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Marlins agree to terms with Gonzalez

By Mike Berardino

Adrian Gonzalez
Photo: Wagner Photography

FORT LAUDERDALE--The Marlins will take high school first baseman Adrian Gonzalez with the top pick in Monday's draft, several baseball sources confirmed.

Gonzalez, who starred at Eastlake High School in Chula Vista, Calif., has agreed to a $3 million signing bonus, sources said. That figure represents a nearly 25 percent rollback from the bonus the Devil Rays paid last year's No. 1 pick, outfielder Josh Hamilton, and reverses a long-running inflationary trend at the top of the draft.

Neither Marlins scouting director Al Avila nor Gonzalez' adviser John Boggs would confirm the agreement. But Boggs did allow that the Marlins "definitely like Adrian. They like his whole makeup."

Boggs also stressed the player's willingness to sign quickly.

"Money is not the driving factor here," said Boggs, who represents Padres star Tony Gwynn. "The family wants this young man to get on with his career. They're saying, 'Let's go.' They're not looking at robbing the bank today because they know their son isn't really a major league ballplayer."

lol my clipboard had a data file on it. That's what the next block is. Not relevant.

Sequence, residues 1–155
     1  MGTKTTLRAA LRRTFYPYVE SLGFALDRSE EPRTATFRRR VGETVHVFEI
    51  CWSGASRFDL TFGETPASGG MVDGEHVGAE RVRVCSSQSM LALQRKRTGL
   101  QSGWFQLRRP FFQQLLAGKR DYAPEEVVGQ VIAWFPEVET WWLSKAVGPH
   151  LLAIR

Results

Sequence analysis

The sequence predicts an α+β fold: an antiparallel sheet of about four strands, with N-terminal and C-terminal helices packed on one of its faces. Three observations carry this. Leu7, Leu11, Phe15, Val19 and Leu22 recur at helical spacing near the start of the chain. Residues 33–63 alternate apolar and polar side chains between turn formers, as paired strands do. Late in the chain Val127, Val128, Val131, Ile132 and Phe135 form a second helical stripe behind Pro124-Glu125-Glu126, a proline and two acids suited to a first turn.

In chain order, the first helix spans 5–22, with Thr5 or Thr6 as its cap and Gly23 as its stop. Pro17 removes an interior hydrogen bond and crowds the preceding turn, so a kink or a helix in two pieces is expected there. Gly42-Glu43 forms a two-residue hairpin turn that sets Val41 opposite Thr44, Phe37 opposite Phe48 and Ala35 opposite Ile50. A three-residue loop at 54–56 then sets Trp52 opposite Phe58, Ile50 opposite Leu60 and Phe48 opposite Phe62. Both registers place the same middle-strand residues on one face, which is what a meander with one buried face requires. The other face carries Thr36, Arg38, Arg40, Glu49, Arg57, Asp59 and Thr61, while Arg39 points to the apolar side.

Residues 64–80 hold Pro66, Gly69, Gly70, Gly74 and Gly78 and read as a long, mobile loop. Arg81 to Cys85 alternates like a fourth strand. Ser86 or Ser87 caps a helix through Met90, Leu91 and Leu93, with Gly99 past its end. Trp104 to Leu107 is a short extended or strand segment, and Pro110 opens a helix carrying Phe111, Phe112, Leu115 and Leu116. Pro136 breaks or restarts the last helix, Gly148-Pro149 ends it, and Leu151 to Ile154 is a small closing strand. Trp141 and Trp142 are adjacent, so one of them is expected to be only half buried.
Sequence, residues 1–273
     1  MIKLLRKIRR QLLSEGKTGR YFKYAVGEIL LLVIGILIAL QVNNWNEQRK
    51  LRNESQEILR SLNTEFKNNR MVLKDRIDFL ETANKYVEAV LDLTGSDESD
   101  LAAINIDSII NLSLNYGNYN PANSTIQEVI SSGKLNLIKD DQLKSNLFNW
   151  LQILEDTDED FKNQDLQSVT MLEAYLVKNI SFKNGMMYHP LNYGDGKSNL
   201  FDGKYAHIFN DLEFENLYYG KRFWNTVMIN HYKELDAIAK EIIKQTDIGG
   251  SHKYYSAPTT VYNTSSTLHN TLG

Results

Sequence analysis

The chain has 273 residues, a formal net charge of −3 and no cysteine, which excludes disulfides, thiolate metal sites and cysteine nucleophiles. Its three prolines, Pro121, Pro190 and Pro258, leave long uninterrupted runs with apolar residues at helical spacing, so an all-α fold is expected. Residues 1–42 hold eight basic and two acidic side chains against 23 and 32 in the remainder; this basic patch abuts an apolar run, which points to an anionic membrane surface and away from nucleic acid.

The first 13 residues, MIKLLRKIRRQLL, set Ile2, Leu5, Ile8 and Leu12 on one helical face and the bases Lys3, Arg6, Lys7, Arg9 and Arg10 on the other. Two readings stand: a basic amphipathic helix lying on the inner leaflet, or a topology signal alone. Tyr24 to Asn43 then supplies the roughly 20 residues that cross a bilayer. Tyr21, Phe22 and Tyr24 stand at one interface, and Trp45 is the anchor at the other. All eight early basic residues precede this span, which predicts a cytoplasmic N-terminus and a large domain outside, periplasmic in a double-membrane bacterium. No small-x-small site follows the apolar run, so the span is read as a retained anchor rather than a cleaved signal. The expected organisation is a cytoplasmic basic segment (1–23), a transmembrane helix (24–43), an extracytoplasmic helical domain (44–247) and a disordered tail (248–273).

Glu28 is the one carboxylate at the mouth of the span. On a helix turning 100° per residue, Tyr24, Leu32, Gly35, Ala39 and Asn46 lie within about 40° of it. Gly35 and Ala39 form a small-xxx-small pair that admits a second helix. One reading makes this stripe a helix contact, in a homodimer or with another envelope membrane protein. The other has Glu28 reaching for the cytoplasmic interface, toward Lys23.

Baseball rules prohibit predraft deals, but there's no precedent for penalty. The Astros reached a predraft agreement in 1992 with third baseman Phil Nevin but faced no disciplinary action, and less prominent deals are reported every year.

After giving $7 million and a big league contract to Texas high school righthander Josh Beckett last summer, the cash-strapped Marlins were determined to avoid another protracted (and expensive) negotiation. The Gonzalez deal marks the first time since the Nevin signing that the bonus for the No. 1 pick was lower than the previous year's.

Scouts say Gonzalez, a San Diego State signee, is an exceptionally smooth fielder with the best pure swing among this year's high school crop. His defense has drawn comparisons to Mark Grace, while his lefthanded bat reminds some of a young Rafael Palmeiro. Gonzalez, playing in an inferior league about 10 miles from the Mexican border, hit .645 with 13 home runs and 34 RBIs as a senior.

Gonzalez is viewed as a compromise pick in a draft class considered the most muddled in recent memory. Several of the Marlins' top scouts were divided in their recommendations.

The other finalists included San Diego high school catcher Scott Heard; Palmdale, Calif., high school righthander Matt Harrington and Hanover, Penn., high school lefty Mark Phillips. Heard, once considered the frontrunner, was the runner-up after struggling to a .287 batting average this season.

Gonzalez becomes just the second first baseman taken with the top pick in the draft's 36-year history. Ron Blomberg, taken by the Yankees in 1967, was the other. He later earned the distinction as the first DH in big league history.

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